It's not a disease that necessarily gets a lot of attention, but there are more than 30,000 people in the United States living with Cystic Fibrosis (CF).
Fourteen year old Gauge Edwards of Nampa is one of those.
To the outside world Gauge appears a typical teenager. Gauge said, “I like to play video games. I like to hang out with family. I love gatherings, parties."
Gauge’s parents, Frank and Trish Edwards were thrilled to welcome their first and only child into this world, but shortly after birth, it became very obvious that something was wrong.
“He was so sick from the very beginning,” Trish recalled. Doctors diagnosed Gauge with CF before his parents even brought him home from the hospital. Trish admitted she knew nothing about the disease, and she was warned against researching in on the internet, but dad did not take that advice.
“I research things that I shouldn’t and find out. It was hard… kind of dark spots,” Frank admitted.
Trish said even with all of the obstacles in his way, Gauge grew into a remarkable young man.
“I’m very proud of him. He’s an amazing person,” said Trish.
But this amazing kid lives everyday with CF, a potentially terminal disease. Cystic Fibrosis is a genetic disorder that mainly attacks the lungs, producing a thick mucus, but it also causes problems with the kidneys, liver, pancreas and intestine.
Gauge has many of these health issues and the medications themselves can cause a whole new set of problems.
Gauge said some of the medications are so strong, he cannot get out in the sun.
“Just 15 minutes in the sun and I’ll turn dark, dark red and get bumps all over my arms. One time, it was so bad, I actually turned purple,” the teen recalled.
Gauge basically lived in the hospital for the first couple of years of his life and Frank and Trish were by his side the entire time, but the stress of a sick child and frequent hospital stays took a toll on their marriage. They divorced when Gauge was only two years old.
“We’re still a family,” said Trish. These parents, along with Frank’s new girlfriend, Tabitha, work together for Gauge.
Frank and Tabitha have now been together for five years. Tabitha entered the relationship with the expectation that it would be different to have a boy in her and her daughters’ lives, a boy with CF.
Tabitha also admits to having no knowledge of CF. She learned quickly just what was involved in caring for Gauge and loving Gauge.
When asked about a bond with the teen, Tabitha teared up and couldn’t answer the question.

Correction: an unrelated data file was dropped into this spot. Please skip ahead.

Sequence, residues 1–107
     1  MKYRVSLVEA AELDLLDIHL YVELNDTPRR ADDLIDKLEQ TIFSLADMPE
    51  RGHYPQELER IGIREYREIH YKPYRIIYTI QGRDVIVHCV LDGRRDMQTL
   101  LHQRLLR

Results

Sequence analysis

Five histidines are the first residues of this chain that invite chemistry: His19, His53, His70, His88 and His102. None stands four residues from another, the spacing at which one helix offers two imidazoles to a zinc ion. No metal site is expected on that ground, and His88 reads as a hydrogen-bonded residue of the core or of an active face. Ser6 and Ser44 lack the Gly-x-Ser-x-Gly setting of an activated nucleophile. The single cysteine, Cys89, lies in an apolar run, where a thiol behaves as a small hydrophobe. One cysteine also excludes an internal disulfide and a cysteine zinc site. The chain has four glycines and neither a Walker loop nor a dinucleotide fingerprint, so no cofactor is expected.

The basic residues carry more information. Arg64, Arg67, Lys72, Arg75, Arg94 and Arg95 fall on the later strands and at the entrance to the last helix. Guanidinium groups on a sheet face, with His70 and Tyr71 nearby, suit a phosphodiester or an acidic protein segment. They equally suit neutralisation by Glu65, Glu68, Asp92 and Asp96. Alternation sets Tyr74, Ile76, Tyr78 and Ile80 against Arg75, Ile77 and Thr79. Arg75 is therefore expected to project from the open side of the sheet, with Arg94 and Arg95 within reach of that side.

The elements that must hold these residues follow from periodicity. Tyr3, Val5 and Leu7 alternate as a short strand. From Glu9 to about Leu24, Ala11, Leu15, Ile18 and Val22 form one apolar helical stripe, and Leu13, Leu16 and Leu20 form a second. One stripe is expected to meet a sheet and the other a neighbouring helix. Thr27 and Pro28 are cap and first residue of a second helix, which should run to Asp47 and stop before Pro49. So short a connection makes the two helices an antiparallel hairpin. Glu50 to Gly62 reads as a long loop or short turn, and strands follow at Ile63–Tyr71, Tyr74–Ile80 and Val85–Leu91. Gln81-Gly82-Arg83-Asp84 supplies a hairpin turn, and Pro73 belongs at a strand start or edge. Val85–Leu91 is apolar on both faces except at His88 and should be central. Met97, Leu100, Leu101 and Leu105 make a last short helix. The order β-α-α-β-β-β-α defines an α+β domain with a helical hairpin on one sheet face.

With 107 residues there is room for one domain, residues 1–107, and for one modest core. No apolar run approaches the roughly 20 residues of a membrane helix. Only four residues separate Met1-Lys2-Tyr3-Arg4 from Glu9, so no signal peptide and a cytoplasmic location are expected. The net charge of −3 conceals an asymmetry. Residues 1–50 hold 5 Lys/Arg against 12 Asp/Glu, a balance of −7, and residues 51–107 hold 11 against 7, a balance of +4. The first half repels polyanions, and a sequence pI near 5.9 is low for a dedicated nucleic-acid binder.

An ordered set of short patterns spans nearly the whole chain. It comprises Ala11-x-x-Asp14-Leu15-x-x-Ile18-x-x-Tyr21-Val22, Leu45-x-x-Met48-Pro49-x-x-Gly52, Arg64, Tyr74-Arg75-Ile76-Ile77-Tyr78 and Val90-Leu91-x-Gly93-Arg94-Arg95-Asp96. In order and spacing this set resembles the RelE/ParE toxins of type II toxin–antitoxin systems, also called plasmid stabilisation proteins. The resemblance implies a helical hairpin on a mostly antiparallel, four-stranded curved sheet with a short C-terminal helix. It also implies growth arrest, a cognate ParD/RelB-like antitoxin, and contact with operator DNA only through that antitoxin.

Gauge recently spent 30 days in the hospital on antibiotics for a lung infection, further depleting his lung capacity.
Frank explained, “It was at 29% when we left, but now he’s moving around and it’s back up to 31%.”
This dramatic decline in lung capacity forced Trish to realize a hard truth.
“All of the sudden, I realized how sick Gauge is, even compared to other CF patients,” Trish lamented.
Doctors had entertained the notion of a lung transplant for Gauge when he turned 18 years old, but the severity of his condition led the medical team to encourage a risky surgery now.
Hundreds of children with CF are on a waiting list for lung transplants, and now, Gauge is too.
While fearful of the enormity of a double lung transplant, Trish has high hopes.
"I would love to see the day when Gauge can breathe because he never been able to breathe like we do," Trish said.
Though both mom and dad are apprehensive and even Gauge admits to being a bit scared, Gauge still looks forward to the future. "I'm going to be like all the other kids. I'm going to see what it feels like to be a normal kid."
There is not a transplant team in the Treasure Valley to perform the risky surgery. Instead, the Edwards will pack up and head to Houston and a team of experts at Texas Children’s Hospital.
The cost of the surgery and the living expenses while in Texas could easily amount to up to $200,000.
Once on the transplant list, Gauge must be within one hour of the hospital at all times, ready for the life-changing surgery.
Frank and Trish will not be able to work while in Houston because of the doctor’s appointments and testing, in addition to caring for Gauge’s everyday health needs.
This leads to a tremendous financial burden for the Edwards. There is a Go Fund Me page set up in Gauge’s name. While the family is not speaking out to seek financial help, the funds will certainly help the family in this difficult time.